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Portman Group pushes back against claims made in alcohol hospital admissions report

Published:  26 July, 2022

Two new studies from the University of Sheffield and the Institute of Alcohol Studies/HealthLumen have revealed the impact of pandemic-related changes in alcohol consumption on health outcomes.

However, the Portman Group, the alcohol social responsibility body and marketing regulator, has pushed back against some of the claims made in the reports.

Nicola Bates, strategy director of the Portman Group said: “Total alcohol consumption has gone down consistently over the past 10 years, and Britons now drink around 15% less alcohol than they did 10 years ago. During the lockdowns, the vast majority of people continued to drink moderately and this research shows some lighter drinkers cut their consumption.

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“There is, however, a small minority who were already drinking at high harm levels when the lockdowns began and evidence suggests some went on to drink more. The models presented in this research are stark but they presume no interventions are made. This small minority of drinkers are the ones who need the most support with targeted action and a focused policy response.”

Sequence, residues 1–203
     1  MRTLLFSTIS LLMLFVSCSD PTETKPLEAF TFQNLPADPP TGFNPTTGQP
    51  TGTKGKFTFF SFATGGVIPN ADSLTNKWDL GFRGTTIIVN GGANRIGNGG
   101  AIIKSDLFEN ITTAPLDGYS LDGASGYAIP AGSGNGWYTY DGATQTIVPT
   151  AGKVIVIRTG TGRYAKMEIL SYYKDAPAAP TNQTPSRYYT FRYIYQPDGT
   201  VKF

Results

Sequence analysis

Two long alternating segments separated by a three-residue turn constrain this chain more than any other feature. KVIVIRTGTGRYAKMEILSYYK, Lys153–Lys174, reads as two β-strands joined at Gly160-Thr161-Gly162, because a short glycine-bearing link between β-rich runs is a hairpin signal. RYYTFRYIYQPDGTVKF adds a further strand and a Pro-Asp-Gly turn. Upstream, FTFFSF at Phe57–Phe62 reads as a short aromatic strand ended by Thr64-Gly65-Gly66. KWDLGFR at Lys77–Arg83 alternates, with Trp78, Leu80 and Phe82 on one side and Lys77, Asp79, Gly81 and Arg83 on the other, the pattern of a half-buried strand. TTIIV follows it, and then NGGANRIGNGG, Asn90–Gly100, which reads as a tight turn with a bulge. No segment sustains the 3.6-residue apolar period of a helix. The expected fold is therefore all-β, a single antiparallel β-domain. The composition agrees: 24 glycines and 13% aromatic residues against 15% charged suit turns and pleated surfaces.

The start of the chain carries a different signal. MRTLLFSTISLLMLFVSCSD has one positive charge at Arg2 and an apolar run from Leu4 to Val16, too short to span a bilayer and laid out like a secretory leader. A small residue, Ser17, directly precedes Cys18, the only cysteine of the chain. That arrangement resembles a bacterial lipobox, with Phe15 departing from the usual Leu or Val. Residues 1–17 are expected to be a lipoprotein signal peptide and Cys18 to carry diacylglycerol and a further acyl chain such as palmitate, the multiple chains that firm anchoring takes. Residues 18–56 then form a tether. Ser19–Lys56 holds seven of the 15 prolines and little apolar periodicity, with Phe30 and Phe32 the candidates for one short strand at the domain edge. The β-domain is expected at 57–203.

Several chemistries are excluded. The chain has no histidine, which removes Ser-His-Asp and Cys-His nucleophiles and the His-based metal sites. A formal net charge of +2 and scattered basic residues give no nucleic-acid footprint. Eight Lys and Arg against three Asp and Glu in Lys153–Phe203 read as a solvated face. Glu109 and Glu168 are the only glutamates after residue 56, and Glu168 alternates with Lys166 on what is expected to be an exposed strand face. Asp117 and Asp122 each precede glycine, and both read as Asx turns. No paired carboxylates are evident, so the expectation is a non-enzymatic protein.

The University of Sheffield’s NHS-commissioned report examined how alcohol-related hospitalisations and deaths are likely to increase over a longer period of 20 years. The study found that with their worst-case scenario there will be 972,382 additional hospital admissions and 25,192 additional deaths, at a cost of £5.2 billion.

The report also stated that moderate drinkers consumed less alcohol during the pandemic, whereas heavy drinkers consumed more.

Colin Angus, senior research fellow who led the University of Sheffield study, said: “Even in our best-case scenario, where drinking behaviour returns to pre-pandemic levels in 2022, we estimate an additional 42,677 alcohol-attributable hospital admissions and 1,830 deaths over 20 years.

“These figures highlight that the pandemic’s impact on our drinking behaviour is likely to cast a long shadow on our health and paint a worrying picture at a time when NHS services are already under huge pressure due to treatment backlogs.”

The study also highlighted that the impacts are not evenly distributed across the population, with heavier drinkers and those in the most deprived areas – who already suffer the highest rates of alcohol harm – expected to be disproportionately affected. 

With the government’s impending Health Disparities White Paper, IAS says it must include policies to reduce alcohol harm if it wants to stand any hope of tackling rising health inequality exacerbated by the pandemic.